Nurses will be walking off their jobs nationwide for 24 hours from 7am after rejecting the latest pay offer.

The more than 30,000 New Zealand Nurses' Organisation members joining the strike leaves the country's health system without 70 per cent of its frontline workforce - the biggest strike to hit the sector in 30 years.

NZNO industrial services manager Cee Payne said life-preserving services and contingency plans would be in place across the 20 district health boards.

"Patient safety and public safety is paramount," Payne said.


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The rallies for Auckland, Christchurch and Wellington would begin at 7am outside the main hospitals.

At Auckland hospitals, nurses would be greeting those coming off the night shifts supporting Life Preserving Services Responders before joining a march down Queen St at 11am.

Up to 8000 people have had procedures rescheduled ahead of today's nurses strike and hospitals have been ramping up preparations to make sure they could treat those who are in urgent need.

Capital and Coast chief medical officer John Tait, speaking on behalf of health boards around the country, said between 6000 and 8000 elective procedures would be deferred.

Acting Prime Minister Winston Peters said the Government was very disappointed that nurses had voted to reject the latest pay offer.

"We offered $500 million," Peters said.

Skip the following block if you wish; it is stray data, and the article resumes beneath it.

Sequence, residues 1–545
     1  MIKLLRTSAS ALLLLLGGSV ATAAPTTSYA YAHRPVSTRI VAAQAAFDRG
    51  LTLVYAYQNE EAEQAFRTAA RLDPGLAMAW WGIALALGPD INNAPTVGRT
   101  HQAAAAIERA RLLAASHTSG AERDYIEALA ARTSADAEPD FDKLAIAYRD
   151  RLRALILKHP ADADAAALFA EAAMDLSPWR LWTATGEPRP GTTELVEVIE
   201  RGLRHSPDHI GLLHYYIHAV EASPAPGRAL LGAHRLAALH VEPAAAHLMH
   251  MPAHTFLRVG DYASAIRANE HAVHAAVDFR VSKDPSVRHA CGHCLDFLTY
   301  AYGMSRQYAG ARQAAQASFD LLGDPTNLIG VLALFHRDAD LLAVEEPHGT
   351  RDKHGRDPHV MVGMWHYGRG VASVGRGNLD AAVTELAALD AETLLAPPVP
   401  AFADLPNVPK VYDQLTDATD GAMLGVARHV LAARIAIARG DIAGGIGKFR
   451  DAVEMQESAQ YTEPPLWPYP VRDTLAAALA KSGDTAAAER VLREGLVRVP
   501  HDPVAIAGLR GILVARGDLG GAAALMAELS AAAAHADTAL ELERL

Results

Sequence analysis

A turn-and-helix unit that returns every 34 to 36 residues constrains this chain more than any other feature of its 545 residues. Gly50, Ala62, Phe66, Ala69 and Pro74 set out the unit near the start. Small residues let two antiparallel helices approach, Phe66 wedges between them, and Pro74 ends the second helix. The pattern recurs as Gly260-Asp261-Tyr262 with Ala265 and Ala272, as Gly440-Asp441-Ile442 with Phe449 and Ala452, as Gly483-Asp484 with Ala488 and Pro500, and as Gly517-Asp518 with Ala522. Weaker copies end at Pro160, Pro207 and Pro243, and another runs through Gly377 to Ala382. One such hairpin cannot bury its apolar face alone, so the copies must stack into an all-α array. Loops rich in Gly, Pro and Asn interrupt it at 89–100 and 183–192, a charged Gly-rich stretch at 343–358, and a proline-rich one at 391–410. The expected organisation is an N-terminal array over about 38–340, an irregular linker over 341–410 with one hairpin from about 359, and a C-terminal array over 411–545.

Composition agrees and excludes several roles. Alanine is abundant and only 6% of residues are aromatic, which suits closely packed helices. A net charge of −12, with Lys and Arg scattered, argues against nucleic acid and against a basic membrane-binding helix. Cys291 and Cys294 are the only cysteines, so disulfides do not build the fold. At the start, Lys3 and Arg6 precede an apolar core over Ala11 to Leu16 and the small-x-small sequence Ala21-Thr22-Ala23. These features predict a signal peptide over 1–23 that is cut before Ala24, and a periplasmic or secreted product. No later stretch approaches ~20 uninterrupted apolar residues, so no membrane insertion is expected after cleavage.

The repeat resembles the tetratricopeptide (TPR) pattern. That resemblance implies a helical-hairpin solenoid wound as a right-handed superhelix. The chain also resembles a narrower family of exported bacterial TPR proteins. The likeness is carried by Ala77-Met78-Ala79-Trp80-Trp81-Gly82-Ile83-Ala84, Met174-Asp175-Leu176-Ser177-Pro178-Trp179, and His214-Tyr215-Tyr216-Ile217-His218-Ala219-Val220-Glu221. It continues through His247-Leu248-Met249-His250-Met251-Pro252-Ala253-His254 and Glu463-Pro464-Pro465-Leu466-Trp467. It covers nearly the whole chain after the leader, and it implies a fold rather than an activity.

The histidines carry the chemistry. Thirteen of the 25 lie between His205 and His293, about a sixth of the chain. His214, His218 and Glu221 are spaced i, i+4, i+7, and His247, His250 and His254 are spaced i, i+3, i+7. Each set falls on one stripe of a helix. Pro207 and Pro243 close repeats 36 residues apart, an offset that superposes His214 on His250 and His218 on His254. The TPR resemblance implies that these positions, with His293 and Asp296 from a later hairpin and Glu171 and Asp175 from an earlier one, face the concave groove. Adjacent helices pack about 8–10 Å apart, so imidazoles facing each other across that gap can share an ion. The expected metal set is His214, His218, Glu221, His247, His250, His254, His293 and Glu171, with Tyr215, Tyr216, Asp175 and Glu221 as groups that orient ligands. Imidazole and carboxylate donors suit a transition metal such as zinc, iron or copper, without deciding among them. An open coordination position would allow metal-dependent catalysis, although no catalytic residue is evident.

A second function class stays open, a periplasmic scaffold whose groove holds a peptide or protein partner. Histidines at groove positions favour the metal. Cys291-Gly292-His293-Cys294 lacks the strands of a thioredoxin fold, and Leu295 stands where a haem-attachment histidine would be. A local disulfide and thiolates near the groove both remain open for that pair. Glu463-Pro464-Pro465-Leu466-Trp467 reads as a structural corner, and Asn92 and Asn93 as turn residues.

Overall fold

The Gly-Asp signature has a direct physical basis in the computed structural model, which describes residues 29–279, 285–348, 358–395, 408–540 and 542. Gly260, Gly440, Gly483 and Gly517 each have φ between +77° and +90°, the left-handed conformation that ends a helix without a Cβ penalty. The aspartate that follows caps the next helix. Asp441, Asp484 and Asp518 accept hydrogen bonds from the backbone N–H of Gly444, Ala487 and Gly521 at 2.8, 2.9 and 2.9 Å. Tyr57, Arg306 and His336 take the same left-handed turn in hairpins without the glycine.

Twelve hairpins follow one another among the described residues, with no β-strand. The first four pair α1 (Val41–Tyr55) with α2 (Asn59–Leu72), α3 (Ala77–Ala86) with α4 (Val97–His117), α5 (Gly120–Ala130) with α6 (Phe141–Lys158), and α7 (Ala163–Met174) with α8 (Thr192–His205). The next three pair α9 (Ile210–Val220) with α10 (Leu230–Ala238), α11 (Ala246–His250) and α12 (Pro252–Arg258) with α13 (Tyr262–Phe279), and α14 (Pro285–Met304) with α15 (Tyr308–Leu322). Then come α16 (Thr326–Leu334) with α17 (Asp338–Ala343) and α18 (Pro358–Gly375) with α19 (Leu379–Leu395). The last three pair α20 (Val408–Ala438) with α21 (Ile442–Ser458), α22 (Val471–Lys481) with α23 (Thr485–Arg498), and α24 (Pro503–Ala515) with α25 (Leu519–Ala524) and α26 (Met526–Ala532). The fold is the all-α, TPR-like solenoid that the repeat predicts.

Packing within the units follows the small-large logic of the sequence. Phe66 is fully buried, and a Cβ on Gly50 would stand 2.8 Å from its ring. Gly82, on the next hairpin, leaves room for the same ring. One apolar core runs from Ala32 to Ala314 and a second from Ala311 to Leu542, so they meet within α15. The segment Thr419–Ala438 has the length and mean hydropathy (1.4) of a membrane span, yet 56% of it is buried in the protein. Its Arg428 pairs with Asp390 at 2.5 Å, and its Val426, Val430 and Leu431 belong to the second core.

"That is a massive increase on what they were offered when we became the Government. We've doubled it and found 500 new nursing places and new career steps for them to move more quickly up the scale. That's the best we're able to do. We're not kidding when we say that."


The Government encouraged DHBs and NZNO to continue with urgent facilitation talks over the next two days, Peters said.

"We need the public to be prepared. We've made all the steps possible we can to ensure there is the least amount of sacrifice, or medical difficulty, with respect to potential patients," Peters said.

Anyone with an urgent medical need should not hesitate to dial 111 or go to an emergency department.

For day-to-day medical queries the public can contact their GPs or use the 0800 Healthline number.

People with appointments or surgeries that have been postponed should have been contacted by their district health board.

If you have something scheduled and have not heard otherwise you should attend as usual. If you are unsure, contact your health board.

Patients in hospital will have to wait longer for help with those things. In some cases, whanau, volunteers and doctors will be asked to help out.

Patients deemed not to require "life-saving" care, who require assistance with tasks such as turning on bedrests, inserting intravenous pumps, help going to the bathroom and bathing will wait longer. Family, volunteers and doctors have been asked to help out in some cases.

Some services like Family Planning are not affected by the strike, but others could be if the nurses are paid by the DHB. If you already have an appointment booked, check it's still on.

For the full list of strike activities please go to the Health Needs Nursing Facebook page.